consists of the concatenation of file entries, followed by a general directory at the end of the file. Every file entry can specify the raw and compressed size of the associated file data. The broken version of Creative Docs .NET somehow generated files where the compressed size was not properly specified. #ziplib therefore cannot naturally move from one item to the next, and as a result, the extraction fails. Curiously, Windows still manages to open the broken .CRDOC files (after they have been renamed to .ZIP). I suspect it uses the general directory to access the file entries when the compressed size is not available in the file entries.
Monday, December 13. 2010
We have done tremendous work on the underlying framework, even if nothing visible to the user emerges
in the 3.0.1 release
Basically, we have ripped out the tightly integrated FreeImage library
, which was in charge of image decoding and encoding. For some obscure reasons, we never managed to get a 100% stable application when lots of images were involved, probably because of some imperfect error handling code in FreeImage (or one of its components) when memory becomes a scarce resource.
We now switched to the imaging engine provided by Microsoft with WPF and the .NET 3.5 framework. Our tests have shown that the new image engine is very stable. Some file formats are no longer supported, such as TIFF files with four channel CMYK color and an additional alpha channel.
We also reworked the code involved when generating ICO files from Creative Docs .NET documents. A few users complained that this was a frequent cause of crashes. This should no longer be the case.
In any case, please let us know if your experience with Creative Docs .NET has improved or not (as always, e-mail to bugs at creativedocs.net).
Monday, April 20. 2009
Here is a new, uninteresting, bug fix release of Creative Docs .NET. Download the 2.4.7 release
I've played with Creative Docs .NET 2.4.7 on Windows 7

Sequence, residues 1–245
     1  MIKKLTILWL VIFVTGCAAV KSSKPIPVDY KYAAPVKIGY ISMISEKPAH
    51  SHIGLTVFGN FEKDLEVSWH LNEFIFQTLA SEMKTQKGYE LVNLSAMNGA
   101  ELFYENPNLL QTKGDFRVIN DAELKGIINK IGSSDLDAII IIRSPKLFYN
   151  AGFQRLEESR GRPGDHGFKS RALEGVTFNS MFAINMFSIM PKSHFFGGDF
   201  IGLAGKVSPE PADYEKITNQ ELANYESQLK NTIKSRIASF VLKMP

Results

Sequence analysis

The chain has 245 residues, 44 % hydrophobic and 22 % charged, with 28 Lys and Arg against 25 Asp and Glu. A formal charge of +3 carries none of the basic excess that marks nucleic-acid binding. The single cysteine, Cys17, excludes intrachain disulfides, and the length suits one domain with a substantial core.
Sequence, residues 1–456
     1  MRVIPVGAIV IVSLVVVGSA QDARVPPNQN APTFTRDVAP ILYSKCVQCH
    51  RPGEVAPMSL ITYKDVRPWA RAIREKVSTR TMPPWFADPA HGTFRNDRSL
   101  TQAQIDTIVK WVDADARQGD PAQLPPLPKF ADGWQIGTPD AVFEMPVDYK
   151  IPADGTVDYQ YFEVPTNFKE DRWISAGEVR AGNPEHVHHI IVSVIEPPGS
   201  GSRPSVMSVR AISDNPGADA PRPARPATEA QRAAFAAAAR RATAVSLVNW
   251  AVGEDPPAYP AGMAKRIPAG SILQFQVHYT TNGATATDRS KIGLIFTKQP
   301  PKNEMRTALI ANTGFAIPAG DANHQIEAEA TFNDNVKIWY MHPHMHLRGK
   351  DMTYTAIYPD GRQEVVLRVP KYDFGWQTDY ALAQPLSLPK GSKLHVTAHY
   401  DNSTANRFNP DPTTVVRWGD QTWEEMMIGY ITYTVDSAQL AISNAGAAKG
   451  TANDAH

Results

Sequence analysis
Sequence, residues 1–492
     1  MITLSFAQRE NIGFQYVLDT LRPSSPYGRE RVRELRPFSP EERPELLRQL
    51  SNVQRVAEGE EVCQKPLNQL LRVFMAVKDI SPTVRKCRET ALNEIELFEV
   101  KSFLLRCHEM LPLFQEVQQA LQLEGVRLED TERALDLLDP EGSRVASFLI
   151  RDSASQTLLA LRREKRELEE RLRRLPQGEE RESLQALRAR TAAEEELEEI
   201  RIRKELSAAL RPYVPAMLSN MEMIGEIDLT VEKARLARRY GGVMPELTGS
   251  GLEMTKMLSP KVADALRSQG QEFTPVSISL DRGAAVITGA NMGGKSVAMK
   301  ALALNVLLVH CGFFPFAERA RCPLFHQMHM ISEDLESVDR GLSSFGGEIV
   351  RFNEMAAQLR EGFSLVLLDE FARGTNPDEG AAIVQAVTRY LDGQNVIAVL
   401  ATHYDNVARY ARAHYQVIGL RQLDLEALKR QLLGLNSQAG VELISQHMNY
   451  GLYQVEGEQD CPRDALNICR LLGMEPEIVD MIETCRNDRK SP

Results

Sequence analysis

and everything went smoothly, which should not be a real surprise, given the fact that Windows 7 is more or less a service release of Vista, sold as something new by the marketing department (that's not really fair, I know, as there are plenty of small improvements
in the product, but yet, I don't feel that it deserved being called "7"; I'd have voted for "6.5", to stay in line with VMware Workstation
Wednesday, November 19. 2008
The blog is up and running again; our provider upgraded the installed PHP and this broke the old version of Serendipity
I was using. It took me a few days to find the time to fix this. And while I was at it, I spent a few hours chasing small bugs in Creative Docs .NET.
I've finally decided to ship the release build of Creative Docs .NET. Check out the 2.4.4 release
. It should be a bit faster than the previous versions... Let me know of what you think. Can you feel the speed improvement?
Sunday, September 28. 2008
I made a mistake while deploying the build of the 2.4.2; I hope that you have not been too many to try it out on top of 2.4.1. The current version is now the 2.4.3 release
Sorry for the inconvenience.
Tuesday, September 23. 2008
A few users have reported bugs since the initial 2.4.0 release and they should have all been fixed in the current 2.4.1
release. Well, when I say all
, I mean all that are not related to the copying of text blocks (it still loses the formatting; getting that right is a daunting task for which I have not enough energy).
Saturday, August 9. 2008
I have returned to the workbench and here comes version 2.4.0
- The middle mouse button can now be used to pan around a document. This behaves just like the hand tool, but without having to change tools.
- The German version works better (i.e. it no longer crashes when trying to open a document for the first time, looking for a non existent folder).
- Fixed several issues with fonts and font handling. Even on machines with several thousand fonts, Creative Docs .NET now starts properly without exhausting the computer's resources first.